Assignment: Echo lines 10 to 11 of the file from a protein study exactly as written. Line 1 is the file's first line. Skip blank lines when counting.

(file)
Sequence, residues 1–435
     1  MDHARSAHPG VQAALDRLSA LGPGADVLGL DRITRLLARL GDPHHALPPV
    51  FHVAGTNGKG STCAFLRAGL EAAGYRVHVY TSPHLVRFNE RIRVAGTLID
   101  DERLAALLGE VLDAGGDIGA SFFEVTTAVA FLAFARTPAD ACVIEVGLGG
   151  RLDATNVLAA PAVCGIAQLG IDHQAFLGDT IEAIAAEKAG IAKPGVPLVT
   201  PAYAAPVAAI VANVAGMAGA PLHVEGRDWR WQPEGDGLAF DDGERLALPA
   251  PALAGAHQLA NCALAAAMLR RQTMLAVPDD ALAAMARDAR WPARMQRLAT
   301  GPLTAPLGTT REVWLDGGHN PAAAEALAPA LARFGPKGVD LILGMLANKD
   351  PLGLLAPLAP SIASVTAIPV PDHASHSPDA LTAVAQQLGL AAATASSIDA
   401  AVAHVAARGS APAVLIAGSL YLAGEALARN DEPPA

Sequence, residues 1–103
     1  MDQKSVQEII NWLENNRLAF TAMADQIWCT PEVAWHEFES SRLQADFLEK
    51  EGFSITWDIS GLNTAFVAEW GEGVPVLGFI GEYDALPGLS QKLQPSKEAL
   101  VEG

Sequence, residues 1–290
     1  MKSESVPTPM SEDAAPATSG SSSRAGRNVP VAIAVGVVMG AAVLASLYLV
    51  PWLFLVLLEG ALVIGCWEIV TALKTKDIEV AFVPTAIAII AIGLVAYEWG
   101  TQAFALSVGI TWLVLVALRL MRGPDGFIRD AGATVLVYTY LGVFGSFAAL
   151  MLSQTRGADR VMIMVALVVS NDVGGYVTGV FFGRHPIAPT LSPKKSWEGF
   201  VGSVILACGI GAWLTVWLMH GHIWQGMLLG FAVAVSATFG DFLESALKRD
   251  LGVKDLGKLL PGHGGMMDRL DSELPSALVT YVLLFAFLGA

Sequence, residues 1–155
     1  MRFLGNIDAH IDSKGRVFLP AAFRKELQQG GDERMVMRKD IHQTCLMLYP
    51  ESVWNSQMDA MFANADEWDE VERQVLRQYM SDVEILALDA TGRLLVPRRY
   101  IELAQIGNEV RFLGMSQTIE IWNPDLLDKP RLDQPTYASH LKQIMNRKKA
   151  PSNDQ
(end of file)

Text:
   401  AVAHVAARGS APAVLIAGSL YLAGEALARN DEPPA

Sequence, residues 1–103